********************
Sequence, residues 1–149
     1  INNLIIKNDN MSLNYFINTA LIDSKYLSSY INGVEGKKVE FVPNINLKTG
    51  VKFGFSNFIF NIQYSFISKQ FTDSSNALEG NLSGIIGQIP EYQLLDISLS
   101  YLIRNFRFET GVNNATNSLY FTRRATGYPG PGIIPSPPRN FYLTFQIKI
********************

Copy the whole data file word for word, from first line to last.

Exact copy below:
Sequence, residues 1–149
     1  INNLIIKNDN MSLNYFINTA LIDSKYLSSY INGVEGKKVE FVPNINLKTG
    51  VKFGFSNFIF NIQYSFISKQ FTDSSNALEG NLSGIIGQIP EYQLLDISLS
   101  YLIRNFRFET GVNNATNSLY FTRRATGYPG PGIIPSPPRN FYLTFQIKI